million in cash through issuances of our common stock, net of issuance costs.

Financing activities provided $24.7 million and $8.3 million in the years ended
June 30, 2020 and 2019, respectively, resulting in an increase in cash provided
by financing activities of $16.4 million. The increase in cash provided by
financing activities was primarily due to an increase in equity financing as we
received cash of $25.1 million through issuance of our common stock, net of
issuance costs, in the year ended June 30, 2020 compared to $8.3 million in the
year ended June 30, 2019. We made principal debt payments totaling $0.4 million
in the year ended June 30, 2020 compared to no principal debt payments in the
year ended June 30, 2019.

Contractual obligations and other commitments

The following table summarizes our contractual obligations as of December 31,
2021, that we believe will affect cash over the next five years and thereafter:
                                               Less than
                                 Total          1 year        1-3 years      3-5 years      Thereafter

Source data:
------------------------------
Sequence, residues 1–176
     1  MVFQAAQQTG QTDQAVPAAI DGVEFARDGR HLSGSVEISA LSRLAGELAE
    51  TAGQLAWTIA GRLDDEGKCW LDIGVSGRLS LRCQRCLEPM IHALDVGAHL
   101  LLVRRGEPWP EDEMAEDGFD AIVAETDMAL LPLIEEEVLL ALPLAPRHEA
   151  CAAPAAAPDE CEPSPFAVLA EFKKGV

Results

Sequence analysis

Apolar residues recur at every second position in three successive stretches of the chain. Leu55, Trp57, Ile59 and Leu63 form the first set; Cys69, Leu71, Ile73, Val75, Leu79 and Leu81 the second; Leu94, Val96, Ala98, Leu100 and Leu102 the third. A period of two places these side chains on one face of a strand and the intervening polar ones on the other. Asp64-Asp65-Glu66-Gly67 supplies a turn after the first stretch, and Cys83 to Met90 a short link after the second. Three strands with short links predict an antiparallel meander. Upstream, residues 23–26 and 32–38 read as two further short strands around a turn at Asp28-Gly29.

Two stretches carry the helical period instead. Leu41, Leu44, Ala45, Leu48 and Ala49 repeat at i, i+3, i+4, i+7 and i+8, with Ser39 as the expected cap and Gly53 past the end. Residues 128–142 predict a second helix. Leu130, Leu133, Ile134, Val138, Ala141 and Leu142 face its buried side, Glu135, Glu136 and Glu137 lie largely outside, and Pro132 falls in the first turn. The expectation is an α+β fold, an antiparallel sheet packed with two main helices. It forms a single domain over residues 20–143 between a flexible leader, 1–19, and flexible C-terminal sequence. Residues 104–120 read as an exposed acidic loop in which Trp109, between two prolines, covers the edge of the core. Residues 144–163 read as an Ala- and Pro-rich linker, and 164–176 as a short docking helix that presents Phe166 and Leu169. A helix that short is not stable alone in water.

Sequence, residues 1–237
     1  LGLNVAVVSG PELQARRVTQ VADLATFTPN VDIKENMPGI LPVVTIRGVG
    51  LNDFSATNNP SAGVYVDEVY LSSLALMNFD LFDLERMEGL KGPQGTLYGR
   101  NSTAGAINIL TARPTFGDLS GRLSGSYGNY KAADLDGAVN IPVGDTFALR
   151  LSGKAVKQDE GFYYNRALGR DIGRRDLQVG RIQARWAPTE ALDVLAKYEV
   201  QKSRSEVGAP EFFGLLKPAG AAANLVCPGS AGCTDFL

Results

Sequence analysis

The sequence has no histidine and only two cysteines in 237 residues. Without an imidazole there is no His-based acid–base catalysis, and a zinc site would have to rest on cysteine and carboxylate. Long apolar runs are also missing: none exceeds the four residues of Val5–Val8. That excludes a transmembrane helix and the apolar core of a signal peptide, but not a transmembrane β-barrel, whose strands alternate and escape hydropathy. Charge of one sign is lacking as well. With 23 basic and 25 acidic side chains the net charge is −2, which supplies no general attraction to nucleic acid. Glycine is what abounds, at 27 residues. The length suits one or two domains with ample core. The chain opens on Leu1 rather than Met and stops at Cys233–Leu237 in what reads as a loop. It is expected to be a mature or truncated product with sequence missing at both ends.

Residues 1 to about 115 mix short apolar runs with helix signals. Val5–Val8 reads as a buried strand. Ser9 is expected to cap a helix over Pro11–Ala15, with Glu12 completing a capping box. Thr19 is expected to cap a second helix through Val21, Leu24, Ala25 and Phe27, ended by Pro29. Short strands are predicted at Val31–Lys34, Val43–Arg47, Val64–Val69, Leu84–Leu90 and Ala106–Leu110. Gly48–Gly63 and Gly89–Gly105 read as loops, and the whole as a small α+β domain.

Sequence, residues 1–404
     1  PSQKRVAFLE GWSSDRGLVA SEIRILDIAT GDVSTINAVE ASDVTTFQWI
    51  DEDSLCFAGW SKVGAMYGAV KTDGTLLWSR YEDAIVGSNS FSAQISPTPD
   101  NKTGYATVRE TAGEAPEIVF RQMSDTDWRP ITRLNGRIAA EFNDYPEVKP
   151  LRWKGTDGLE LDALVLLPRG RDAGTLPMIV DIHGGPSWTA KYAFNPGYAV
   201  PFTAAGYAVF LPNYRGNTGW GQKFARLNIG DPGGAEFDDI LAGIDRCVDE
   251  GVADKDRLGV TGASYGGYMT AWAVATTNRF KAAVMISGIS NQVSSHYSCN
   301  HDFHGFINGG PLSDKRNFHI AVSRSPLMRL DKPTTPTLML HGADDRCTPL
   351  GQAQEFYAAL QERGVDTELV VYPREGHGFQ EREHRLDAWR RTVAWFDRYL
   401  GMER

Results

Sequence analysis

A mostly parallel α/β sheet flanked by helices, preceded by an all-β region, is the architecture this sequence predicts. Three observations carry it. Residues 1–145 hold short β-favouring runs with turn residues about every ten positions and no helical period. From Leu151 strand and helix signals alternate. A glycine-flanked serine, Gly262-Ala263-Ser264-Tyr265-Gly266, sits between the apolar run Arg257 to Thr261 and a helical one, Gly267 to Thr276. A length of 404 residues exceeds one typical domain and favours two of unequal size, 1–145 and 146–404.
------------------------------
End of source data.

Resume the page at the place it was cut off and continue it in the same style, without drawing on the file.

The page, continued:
Contractual obligations
Long-term debt obligations   $ 1,676,336      $ 762,189      $ 899,631      $  14,516      $         -
Lease liabilities                 59,430         59,430              -              -                -
                             $ 1,735,766      $ 821,619      $ 899,631      $  14,516      $         -


Although we have entered into certain supply agreements, purchase obligations
from our customers are defined as purchase agreements that are enforceable and
legally binding and that specify all significant terms, including quantity,
price, and the approximate timing of the transaction. Our obligations to fulfill
supply agreements do not meet these criteria and are therefore not reflected in
the table above.

Off-balance sheet arrangements

We do not have any off-balance sheet arrangements that have or are reasonably
likely to have a current or future effect on our financial condition, changes in
financial condition, revenues or expenses, results of operations, liquidity,
capital expenditures or capital resources that is material to investors.

Critical accounting policies and estimates

Our management's discussion and analysis of our financial condition and results
of operations is based on our consolidated financial statements, which have been
prepared in accordance with GAAP. The preparation of these consolidated